The American space agency NASA has launched a satellite designed to test a new orbit around the moon.
The satellite launched Tuesday from New Zealand on a rocket built by American space company Rocket Lab.
The satellite is called a CubeSat. CubeSats are small research spacecraft also known as nanosatellites. They provide a low-cost way for scientists, governments and private organizations to carry out space experiments.
The CubeSat launched Tuesday weighs about 25 kilograms. The satellite is owned by the U.S.-based company Advanced Space.
NASA is calling its CubeSat mission CAPSTONE. The small satellite will be the first to take a new path around the moon.
NASA said the mission is meant to support research for the agency's Artemis program. Artemis aims to land American astronauts on the moon by 2025. It would mark the first human visit to the moon since NASA's Apollo 17 landing in 1972.
NASA reported the launch of the CAPSTONE CubeSat went well. Getting the satellite into orbit will take more than four months and will be done in three stages.
Over the next five days, Rocket Lab's Lunar Photon upper stage booster rocket is expected to raise the CubeSat's orbit further and further from Earth. After that, Photon's engines will fire a final time, permitting CAPSTONE to escape Earth's orbit and head for the moon.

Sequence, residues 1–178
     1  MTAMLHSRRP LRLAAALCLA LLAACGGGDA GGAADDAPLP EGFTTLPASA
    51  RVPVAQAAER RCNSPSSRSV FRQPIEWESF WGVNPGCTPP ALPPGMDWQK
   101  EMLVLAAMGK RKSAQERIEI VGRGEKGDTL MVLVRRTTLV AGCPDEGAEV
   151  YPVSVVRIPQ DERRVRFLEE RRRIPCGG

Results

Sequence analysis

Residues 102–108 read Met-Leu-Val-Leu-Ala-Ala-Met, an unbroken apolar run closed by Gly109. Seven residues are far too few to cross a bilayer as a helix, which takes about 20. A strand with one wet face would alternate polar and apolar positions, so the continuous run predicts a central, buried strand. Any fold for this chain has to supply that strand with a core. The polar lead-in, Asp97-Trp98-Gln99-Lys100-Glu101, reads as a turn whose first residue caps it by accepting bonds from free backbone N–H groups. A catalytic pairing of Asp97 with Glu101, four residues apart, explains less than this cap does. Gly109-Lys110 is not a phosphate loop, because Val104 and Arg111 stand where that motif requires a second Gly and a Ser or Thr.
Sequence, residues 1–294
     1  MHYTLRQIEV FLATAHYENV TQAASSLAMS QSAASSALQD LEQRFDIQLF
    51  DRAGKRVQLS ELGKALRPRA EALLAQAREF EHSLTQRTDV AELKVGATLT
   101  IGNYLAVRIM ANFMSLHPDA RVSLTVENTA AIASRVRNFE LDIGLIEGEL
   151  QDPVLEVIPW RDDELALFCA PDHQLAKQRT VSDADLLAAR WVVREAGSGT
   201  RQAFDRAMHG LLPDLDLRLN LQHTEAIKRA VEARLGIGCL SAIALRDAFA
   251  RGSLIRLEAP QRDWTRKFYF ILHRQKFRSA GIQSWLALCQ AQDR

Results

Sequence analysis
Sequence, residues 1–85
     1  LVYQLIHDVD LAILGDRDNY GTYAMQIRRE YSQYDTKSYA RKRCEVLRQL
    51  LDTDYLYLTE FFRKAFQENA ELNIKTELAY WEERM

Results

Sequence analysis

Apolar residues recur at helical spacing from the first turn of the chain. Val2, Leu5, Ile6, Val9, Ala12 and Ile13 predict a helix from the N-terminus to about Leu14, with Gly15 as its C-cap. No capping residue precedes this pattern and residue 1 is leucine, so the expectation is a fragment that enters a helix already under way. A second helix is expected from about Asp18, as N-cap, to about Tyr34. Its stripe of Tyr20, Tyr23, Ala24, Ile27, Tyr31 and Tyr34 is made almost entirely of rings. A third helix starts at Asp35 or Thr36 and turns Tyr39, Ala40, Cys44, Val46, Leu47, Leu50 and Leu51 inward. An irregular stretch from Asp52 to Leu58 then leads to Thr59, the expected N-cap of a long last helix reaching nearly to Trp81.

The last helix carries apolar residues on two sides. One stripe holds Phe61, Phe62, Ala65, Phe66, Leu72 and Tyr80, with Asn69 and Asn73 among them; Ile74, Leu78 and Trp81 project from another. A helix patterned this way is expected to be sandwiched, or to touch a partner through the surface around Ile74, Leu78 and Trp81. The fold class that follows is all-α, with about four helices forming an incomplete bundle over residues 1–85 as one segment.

The CubeSat "will then use its own propulsion and the sun's gravity to navigate the rest of the way to the Moon," NASA said in a statement. This gravity-driven path is expected to greatly reduce the amount of fuel the CubeSat needs to get to the Moon.
NASA calls the orbiting path CAPSTONE will test "a gravitational sweet spot in space." The path represents a point "where the pull of gravity from Earth and the Moon interact to allow for a nearly-stable orbit."
In the future, NASA plans to build a lunar space station called Gateway in this same orbital path. The station could be a launching point for astronauts to travel to the moon's surface as part of its Artemis program.
The CubeSat is expected to collect and send data about its orbiting activities back to Earth for at least six months.
I'm Bryan Lynn.